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Lucky Star (1929)

Mary, a poor farm girl, meets Tim just as word comes that war has been declared. Tim enlists in the army and goes to the battlefields of Europe, where he is wounded and loses the use of his... See full summary »


Frank Borzage


John Hunter Booth (dialogue), H.H. Caldwell (titles) | 3 more credits »




Complete credited cast:
Janet Gaynor ... Mary Tucker
Charles Farrell ... Timothy Osborn
Guinn 'Big Boy' Williams ... Sgt. Martin Wrenn
Paul Fix ... Joe
Hedwiga Reicher ... Mrs. Tucker
Gloria Grey ... Mary Smith
Hector V. Sarno Hector V. Sarno ... Pop Fry


Mary, a poor farm girl, meets Tim just as word comes that war has been declared. Tim enlists in the army and goes to the battlefields of Europe, where he is wounded and loses the use of his legs. Home again, Tim is visited by Mary, and they are powerfully attracted to each other; but his physical handicap prevents him from declaring his love for her. Deeper complications set in when Martin, Tim's former sergeant and a bully, takes a shine to Mary. Written by Dan Navarro <daneldorado@yahoo.com>

Plot Summary | Add Synopsis


This brilliant screen team of lovers score again with a romance directed by the maker of those other sensational big successes: 7th HEAVEN and STREET ANGEL ((Print Ad- Huon Times, ((Franklin, Tasmania)) 24 January 1930) See more »


Drama | Romance


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Did You Know?


This film received its USA television premiere on Turner Classic Movies 12 August 2016 as part of their 24 hour tribute to Janet Gaynor. See more »


Timothy Osborn: -To Mary after she tried to sell to him some berries overpriced- I'll give you twenty cents for the berries, and ten cents for not pitying me.
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Referenced in Hollywood Hist-o-Rama: Janet Gaynor (1962) See more »

User Reviews

Excellent Performances and Drama
10 December 2012 | by Michael_ElliottSee all my reviews

Lucky Star (1929)

*** (out of 4)

Entertaining silent drama has Timothy (Charles Farrell) and poor farm girl Mary (Janet Gaynor) meeting under bad circumstances before the start of WWI. After the war Timothy returns home as a cripple and soon he and Mary strike up a strong friendship, which doesn't sit too well with people in town or Mary's mother due to their prejudice against him being cripple. LUCKY STAR should have been a complete disaster but director Frank Borzage and the two stars do a remarkable job at building up the drama and there's no question that the message really packs a punch. The film is incredibly dark and this is especially true when it comes to the message of how people were pretty much throwing cripples into a lonely shack and forgetting about them. The message of this not being right is certainly well told here and especially because there's no melodrama preaching but instead it's perfectly built into the story. I was really surprised to see how dark this part of the story was told and it's pretty darn grim. Some of the best moments in the film deal with the blossoming relationship between the two stars. They made several films together and it's easy to see why because their chemistry just jumps right off the screen. The romance here is quite good and manages to keep a smile on your face throughout. Gaynor, as you'd expect, has no trouble playing the charming farm girl and Farrell is just as great and especially during his more dramatic scenes dealing with not being able to walk. Guinn 'Big Boy' Williams is excellent as the rival for Gaynor's attention and Hedwiga Reicher makes for a great villain as her mother. The ending is incredibly far-fetched but it's so perfectly executed that you can't help but get caught up in the drama.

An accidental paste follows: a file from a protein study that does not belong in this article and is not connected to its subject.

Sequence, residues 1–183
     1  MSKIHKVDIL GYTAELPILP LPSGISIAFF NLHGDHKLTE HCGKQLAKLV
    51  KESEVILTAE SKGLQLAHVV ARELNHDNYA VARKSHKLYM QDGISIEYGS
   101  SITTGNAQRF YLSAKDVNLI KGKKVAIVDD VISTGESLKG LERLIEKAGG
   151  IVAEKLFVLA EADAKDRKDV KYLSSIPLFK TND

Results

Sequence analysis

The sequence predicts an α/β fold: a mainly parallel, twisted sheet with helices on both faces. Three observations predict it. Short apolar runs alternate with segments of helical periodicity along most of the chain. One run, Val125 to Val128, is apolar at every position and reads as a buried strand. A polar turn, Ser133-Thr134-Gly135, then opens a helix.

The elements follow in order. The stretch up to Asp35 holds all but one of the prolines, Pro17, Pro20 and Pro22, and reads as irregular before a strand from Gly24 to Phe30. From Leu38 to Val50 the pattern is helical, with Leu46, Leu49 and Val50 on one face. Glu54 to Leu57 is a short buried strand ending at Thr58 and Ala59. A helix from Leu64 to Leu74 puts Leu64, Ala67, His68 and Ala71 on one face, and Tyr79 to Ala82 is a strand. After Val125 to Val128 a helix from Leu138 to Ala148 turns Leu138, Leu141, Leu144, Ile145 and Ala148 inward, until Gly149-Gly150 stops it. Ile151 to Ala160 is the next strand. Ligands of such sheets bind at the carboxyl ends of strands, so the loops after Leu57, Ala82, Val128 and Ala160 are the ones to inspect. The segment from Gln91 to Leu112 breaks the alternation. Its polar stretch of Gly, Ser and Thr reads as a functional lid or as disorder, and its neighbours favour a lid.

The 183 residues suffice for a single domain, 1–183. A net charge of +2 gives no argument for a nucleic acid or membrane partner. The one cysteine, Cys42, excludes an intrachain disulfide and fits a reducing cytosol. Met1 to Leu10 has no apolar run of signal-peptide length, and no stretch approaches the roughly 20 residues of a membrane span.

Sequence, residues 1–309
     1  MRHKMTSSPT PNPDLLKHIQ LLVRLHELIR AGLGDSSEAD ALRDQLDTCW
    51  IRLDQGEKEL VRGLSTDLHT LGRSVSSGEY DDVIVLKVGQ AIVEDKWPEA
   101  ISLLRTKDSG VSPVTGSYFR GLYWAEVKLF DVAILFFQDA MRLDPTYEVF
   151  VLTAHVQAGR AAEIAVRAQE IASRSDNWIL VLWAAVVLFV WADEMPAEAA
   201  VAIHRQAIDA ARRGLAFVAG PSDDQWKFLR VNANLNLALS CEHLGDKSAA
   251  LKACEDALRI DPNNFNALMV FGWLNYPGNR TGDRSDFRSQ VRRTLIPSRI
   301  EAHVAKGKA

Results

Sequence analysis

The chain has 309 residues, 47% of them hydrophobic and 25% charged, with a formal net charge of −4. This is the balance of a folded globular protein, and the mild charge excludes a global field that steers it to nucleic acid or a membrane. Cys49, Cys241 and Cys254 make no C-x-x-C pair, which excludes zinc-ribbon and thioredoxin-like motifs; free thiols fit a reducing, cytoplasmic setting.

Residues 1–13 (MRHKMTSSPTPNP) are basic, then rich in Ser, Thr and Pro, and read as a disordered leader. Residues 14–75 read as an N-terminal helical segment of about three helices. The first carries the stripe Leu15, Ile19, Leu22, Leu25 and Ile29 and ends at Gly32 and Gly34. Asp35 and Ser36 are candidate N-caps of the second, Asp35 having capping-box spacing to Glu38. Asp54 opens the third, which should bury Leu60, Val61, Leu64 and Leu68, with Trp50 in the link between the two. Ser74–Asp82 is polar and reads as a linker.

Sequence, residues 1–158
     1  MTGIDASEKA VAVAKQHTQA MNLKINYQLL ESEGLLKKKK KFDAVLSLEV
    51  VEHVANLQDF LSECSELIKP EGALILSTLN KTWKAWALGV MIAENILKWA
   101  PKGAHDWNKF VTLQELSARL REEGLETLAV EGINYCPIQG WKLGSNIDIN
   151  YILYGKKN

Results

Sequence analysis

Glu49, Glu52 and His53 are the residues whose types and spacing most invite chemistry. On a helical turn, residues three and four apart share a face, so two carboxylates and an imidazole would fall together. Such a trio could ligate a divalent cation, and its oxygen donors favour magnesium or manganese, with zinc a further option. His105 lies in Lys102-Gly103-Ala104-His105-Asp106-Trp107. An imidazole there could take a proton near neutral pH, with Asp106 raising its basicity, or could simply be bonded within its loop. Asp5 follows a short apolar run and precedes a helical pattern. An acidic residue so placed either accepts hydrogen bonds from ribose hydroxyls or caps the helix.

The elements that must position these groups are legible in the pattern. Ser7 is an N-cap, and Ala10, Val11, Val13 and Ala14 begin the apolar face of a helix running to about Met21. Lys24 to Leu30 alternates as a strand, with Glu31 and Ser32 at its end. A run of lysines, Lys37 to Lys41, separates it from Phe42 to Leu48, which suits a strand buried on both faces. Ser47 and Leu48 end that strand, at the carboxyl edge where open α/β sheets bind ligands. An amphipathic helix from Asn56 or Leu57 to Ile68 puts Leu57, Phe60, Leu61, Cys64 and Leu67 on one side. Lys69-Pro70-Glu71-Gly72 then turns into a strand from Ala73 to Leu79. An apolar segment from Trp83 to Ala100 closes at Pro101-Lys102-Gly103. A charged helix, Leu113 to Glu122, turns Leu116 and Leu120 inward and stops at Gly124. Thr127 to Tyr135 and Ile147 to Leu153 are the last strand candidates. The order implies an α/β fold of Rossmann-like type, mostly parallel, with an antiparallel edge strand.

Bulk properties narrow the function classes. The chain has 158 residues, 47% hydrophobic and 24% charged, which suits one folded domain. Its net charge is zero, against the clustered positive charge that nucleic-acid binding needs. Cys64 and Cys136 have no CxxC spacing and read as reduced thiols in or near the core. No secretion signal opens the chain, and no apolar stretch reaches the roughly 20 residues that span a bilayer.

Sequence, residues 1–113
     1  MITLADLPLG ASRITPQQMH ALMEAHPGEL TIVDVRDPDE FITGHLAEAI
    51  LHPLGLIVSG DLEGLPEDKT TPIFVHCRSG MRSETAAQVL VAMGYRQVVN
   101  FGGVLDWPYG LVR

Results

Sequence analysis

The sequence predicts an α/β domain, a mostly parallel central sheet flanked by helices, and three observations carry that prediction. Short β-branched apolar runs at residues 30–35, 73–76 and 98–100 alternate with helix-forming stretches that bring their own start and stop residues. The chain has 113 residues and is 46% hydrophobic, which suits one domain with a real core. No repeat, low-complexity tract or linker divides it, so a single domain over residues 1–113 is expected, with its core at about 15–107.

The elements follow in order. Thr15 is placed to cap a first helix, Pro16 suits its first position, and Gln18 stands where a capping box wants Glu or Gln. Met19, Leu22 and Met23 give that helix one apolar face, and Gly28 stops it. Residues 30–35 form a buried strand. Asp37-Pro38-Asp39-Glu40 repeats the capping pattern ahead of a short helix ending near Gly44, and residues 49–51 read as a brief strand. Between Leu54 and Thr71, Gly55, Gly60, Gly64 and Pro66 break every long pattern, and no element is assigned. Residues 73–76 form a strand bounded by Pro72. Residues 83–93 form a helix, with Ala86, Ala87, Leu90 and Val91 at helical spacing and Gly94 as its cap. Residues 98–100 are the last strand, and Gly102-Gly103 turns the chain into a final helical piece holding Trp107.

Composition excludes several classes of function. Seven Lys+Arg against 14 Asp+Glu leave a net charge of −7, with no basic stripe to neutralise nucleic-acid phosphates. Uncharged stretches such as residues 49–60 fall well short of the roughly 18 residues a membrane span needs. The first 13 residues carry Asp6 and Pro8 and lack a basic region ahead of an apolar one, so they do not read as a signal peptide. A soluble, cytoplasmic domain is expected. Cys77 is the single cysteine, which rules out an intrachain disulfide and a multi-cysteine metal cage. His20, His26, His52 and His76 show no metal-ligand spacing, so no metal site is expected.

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Release Date:

18 August 1929 (USA) See more »

Also Known As:

Lucky Star See more »

Company Credits

Production Co:

Fox Film Corporation See more »
Show more on IMDbPro »

Technical Specs


(New York opening) | (TCM print)

Sound Mix:

Mono (Western Electric Sound System) (talking sequences)| Silent

Aspect Ratio:

1.20 : 1
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